by Ariel Slifka, Tillamook County Wellness AmeriCorps VISTA
Between COVID-19 and the wildfires, Tillamook County has seen its fair share of challenges this year. Yet Jody Bell, who was born and raised in Tillamook, is proud of how the community has stepped up to support those in need. She points out that within the first 24 hours of the stay-at-home order this spring, three separate Facebook groups had formed: one for making masks, one for those who needed extra support, and one for organizing the volunteers who could help. This immediate response to community needs was also seen more recently with the wildfires when the local fire command center and evacuation shelter received more donations than they could even use. As Jody reflected, “That is Tillamook in a nutshell. We take care of each other.”

As we all try to adapt to the continuation of COVID-19, it is important to remember that for many of us, the impacts of COVID-19 still weigh heavily. For Jody, who uses a powerchair to move around downtown, the closure of local businesses and handicap restrooms, along with the risk of COVID-19, has limited her ability to leave her home. Some of us may have noticed that many places have closed their bathrooms to the public due to the pandemic, but this has also severely impacted the already few handicap restrooms that are available. The addition of the wildfires also added another difficulty for those who have limited mobility – how do you quickly gather necessary items and organize transportation for an evacuation while using a powerchair?
Jody has faced these challenges head on and continues to look for opportunities to engage with others even when following physical distancing guidelines. Although her favorite coffee shop has closed their indoor seating, she has more recently been able to spend time at Tangled Yarns, a local craft store where community members can share crocheting projects and tips on Friday afternoons. Jody has found crocheting to be a stress-relieving hobby that also provides the opportunity to give back to the community – she has so far donated 17 hats to victims of the fires in southern Oregon.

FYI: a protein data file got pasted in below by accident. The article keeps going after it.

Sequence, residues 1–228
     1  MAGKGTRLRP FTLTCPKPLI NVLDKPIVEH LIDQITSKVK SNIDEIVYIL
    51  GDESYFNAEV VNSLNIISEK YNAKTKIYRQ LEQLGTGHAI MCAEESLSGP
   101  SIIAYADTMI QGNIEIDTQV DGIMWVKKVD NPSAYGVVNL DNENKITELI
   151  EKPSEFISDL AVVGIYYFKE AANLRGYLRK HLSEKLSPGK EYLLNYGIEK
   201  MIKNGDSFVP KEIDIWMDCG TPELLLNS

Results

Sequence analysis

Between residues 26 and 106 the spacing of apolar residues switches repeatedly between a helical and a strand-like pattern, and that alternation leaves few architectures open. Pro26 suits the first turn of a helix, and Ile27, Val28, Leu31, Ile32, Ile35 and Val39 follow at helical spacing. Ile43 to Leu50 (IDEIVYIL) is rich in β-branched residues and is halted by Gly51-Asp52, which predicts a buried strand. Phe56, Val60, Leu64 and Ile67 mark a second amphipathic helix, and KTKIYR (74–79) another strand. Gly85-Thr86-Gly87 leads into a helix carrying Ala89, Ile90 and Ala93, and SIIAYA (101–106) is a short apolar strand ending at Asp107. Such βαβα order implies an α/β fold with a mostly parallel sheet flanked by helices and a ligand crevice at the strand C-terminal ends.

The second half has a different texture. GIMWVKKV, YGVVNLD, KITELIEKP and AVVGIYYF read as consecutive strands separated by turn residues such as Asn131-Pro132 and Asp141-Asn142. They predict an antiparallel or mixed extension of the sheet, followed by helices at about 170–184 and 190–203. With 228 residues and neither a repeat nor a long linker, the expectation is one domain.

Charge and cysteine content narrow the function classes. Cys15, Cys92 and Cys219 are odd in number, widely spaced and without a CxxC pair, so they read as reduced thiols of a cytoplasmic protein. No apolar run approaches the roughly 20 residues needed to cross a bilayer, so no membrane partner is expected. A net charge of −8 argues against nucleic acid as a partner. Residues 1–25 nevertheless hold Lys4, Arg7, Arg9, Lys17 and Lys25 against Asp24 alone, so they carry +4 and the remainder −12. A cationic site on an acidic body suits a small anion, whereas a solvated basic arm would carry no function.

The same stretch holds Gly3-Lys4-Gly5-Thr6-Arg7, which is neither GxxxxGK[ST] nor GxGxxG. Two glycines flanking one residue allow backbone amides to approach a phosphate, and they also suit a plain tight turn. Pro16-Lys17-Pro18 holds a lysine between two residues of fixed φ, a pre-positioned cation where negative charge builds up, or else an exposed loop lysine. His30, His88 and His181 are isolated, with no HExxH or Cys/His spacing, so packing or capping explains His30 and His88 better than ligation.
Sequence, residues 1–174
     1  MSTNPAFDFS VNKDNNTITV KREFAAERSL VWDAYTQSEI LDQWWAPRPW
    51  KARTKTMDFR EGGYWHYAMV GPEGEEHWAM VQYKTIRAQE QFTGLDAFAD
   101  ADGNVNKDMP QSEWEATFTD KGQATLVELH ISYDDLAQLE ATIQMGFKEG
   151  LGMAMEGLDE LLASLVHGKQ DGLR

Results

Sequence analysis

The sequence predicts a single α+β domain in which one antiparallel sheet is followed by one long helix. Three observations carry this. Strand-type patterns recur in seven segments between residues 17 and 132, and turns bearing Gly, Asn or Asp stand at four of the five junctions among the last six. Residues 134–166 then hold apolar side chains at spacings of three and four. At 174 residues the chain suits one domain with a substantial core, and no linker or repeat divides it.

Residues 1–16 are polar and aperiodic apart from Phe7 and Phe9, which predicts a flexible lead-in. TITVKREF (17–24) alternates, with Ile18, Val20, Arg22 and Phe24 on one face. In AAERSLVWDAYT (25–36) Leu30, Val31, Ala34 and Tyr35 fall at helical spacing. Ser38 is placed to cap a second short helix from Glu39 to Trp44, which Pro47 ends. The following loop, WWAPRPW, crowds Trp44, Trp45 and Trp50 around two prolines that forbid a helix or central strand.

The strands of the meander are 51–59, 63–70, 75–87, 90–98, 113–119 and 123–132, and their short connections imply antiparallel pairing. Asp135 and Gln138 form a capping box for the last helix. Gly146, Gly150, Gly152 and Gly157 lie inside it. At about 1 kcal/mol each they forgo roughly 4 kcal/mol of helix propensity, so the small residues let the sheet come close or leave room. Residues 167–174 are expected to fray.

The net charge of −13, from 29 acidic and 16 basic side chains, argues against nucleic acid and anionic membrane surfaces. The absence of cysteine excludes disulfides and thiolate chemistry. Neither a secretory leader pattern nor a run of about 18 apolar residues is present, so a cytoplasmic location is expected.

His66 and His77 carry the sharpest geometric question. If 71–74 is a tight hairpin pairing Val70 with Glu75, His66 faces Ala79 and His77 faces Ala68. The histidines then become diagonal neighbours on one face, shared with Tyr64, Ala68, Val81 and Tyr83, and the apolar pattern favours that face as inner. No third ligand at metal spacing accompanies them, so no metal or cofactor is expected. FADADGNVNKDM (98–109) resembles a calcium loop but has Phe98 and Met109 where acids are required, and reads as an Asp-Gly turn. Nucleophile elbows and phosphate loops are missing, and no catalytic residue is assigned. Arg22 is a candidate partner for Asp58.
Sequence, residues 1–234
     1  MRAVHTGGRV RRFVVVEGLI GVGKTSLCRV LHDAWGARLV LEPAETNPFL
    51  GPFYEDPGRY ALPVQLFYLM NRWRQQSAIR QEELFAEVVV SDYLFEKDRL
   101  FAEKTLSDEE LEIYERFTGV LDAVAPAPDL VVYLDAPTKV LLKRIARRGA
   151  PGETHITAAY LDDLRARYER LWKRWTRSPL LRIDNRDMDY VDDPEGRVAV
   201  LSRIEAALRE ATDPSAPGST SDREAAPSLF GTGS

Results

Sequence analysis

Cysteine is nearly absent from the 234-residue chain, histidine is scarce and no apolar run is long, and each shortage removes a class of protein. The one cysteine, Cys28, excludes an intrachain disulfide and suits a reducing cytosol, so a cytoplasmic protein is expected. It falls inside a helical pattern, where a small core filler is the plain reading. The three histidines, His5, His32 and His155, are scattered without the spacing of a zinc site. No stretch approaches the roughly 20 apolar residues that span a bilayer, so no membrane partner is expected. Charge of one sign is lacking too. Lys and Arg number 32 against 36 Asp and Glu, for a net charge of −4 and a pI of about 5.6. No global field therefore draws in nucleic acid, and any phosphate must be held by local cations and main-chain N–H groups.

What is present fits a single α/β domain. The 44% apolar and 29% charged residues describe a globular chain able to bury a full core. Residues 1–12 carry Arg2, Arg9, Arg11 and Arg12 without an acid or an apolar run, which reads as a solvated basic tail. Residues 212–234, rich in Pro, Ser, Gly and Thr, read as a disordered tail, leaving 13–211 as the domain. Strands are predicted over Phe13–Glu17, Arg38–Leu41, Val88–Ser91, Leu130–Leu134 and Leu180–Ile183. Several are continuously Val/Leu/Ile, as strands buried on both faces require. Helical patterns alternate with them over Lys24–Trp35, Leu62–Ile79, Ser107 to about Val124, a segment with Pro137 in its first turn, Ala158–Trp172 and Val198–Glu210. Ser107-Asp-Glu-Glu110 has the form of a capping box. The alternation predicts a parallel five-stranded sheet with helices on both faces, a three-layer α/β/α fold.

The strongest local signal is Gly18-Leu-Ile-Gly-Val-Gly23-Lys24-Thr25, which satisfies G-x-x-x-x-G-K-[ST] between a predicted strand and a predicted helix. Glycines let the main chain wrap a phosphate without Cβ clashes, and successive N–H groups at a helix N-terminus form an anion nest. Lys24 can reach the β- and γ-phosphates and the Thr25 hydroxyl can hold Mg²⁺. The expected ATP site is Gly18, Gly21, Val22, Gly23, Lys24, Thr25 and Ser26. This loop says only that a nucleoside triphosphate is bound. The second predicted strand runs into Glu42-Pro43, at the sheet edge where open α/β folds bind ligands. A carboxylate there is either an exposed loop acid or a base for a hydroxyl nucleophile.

Despite this coping strategy, the most difficult aspect of COVID-19 for Jody has been the isolation and the loneliness that comes with living on her own during a pandemic. Although her cat Tilly responds to emotions, she is unable to provide the human interaction and conversation that we all need in order to thrive. Jody emphasized the importance of utilizing video chat functions or even just making a quick phone call instead of sending a text message. With months of physical distancing, checking in on each other through a vocal conversation can make a world of a difference in providing genuine care or support. She also highlighted the reality of many of us feeling lonely or depressed and the difficulty of reaching out for help, which is why someone else making the first move can be critical. Therefore, Jody urges people to reach out to their neighbors: “Any disability can be very isolating which is where I encourage community members – if you have a neighbor with a disability and you haven’t seen them in a while, check on them and commit to stopping by every once in awhile just to say hi. These connections are what count.” The community members of Tillamook County have shown their ability to step up for each other during a crisis, and as COVID-19 continues, let us all reflect on the power we each have in building these essential connections.
For more local health and wellness information, go to tillamookcountywellness.org, follow Tillamook County Wellness on Facebook, Instagram and Twitter.